O220.2495 (2)0.6902 (3)−0.08960 (12)0.0991 (7)
C230.1155 (4)0.6852 (3)−0.10046 (19)0.1056 (11)
H23A0.06810.7078−0.15690.158*
H23B0.0940.7512−0.0640.158*
H23C0.09190.5933−0.08790.158*

Atomic displacement parameters (Å2)

U11U22U33U12U13U23
C10.0566 (11)0.0614 (13)0.0551 (12)0.0002 (9)0.0154 (10)−0.0068 (10)
C20.0567 (13)0.0777 (16)0.0735 (15)−0.0004 (11)0.0175 (12)−0.0106 (12)
C30.0665 (15)0.097 (2)0.100 (2)−0.0084 (14)0.0355 (15)−0.0010 (17)
C40.0879 (18)0.0901 (19)0.0855 (19)−0.0109 (15)0.0411 (16)0.0065 (15)
C50.0828 (16)0.0724 (16)0.0603 (14)−0.0089 (12)0.0195 (12)0.0028 (11)
C60.0610 (12)0.0702 (15)0.0565 (13)−0.0088 (10)0.0135 (10)−0.0019 (11)
N70.0488 (10)0.0852 (14)0.0512 (11)0.0095 (9)0.0059 (8)0.0050 (9)
C80.0531 (11)0.0588 (12)0.0426 (10)0.0045 (9)0.0037 (9)−0.0033 (9)
O90.0538 (8)0.0941 (12)0.0551 (9)0.0151 (8)0.0057 (7)0.0144 (8)
N100.0603 (11)0.0815 (13)0.0453 (10)0.0137 (9)0.0100 (8)0.0071 (9)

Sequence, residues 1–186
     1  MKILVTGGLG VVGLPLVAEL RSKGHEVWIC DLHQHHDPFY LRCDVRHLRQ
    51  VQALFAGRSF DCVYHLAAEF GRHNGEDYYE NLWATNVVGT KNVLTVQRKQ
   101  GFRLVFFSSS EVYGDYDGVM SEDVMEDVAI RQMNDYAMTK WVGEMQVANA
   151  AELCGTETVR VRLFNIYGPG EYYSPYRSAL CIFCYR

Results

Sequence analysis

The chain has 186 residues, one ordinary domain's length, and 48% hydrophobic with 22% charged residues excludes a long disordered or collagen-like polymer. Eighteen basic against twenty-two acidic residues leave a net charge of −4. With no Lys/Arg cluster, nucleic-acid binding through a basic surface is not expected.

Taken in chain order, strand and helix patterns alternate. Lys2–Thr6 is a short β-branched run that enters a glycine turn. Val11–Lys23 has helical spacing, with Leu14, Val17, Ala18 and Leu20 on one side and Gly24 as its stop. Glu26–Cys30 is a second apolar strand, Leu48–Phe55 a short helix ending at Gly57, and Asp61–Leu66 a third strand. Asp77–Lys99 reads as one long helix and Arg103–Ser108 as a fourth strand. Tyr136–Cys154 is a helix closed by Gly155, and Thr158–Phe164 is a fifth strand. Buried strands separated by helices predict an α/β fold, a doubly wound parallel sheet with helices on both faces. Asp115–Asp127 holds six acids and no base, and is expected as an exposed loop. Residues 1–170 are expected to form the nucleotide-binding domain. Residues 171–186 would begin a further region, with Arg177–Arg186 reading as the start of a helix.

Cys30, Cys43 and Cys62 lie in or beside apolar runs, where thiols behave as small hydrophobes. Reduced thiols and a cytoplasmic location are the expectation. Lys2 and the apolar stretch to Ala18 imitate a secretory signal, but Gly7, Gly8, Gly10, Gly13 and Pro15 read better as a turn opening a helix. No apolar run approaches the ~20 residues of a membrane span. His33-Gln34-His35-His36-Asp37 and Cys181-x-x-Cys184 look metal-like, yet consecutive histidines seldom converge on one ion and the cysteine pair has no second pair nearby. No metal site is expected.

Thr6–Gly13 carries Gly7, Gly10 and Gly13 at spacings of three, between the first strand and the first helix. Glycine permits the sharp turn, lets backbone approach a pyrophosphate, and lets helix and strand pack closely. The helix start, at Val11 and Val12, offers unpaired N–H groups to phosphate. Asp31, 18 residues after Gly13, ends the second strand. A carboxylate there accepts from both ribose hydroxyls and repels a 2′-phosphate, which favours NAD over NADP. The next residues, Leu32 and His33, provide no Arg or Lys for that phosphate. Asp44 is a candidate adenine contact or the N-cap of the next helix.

C110.0644 (13)0.0858 (17)0.0483 (12)−0.0152 (11)0.0079 (10)−0.0045 (11)
C120.0465 (11)0.1008 (18)0.0511 (12)0.0057 (11)0.0050 (9)−0.0050 (12)
C130.0456 (10)0.0698 (14)0.0466 (11)0.0055 (9)0.0061 (8)−0.0026 (10)
C140.0843 (17)0.0838 (17)0.0614 (14)−0.0297 (14)−0.0020 (12)0.0050 (13)
C150.1003 (19)0.0795 (17)0.0587 (14)−0.0219 (15)−0.0109 (13)0.0176 (13)
C160.0501 (11)0.0611 (13)0.0541 (12)0.0033 (9)−0.0044 (9)0.0008 (10)
C170.0597 (12)0.0574 (12)0.0646 (13)−0.0045 (10)0.0047 (10)0.0023 (10)
C180.0679 (14)0.0651 (14)0.0544 (12)0.0060 (11)0.0056 (10)0.0120 (10)
O190.0738 (11)0.0760 (12)0.0659 (10)−0.0059 (8)−0.0214 (8)0.0041 (8)
O200.0496 (9)0.1491 (19)0.0801 (12)0.0044 (10)0.0088 (8)−0.0044 (12)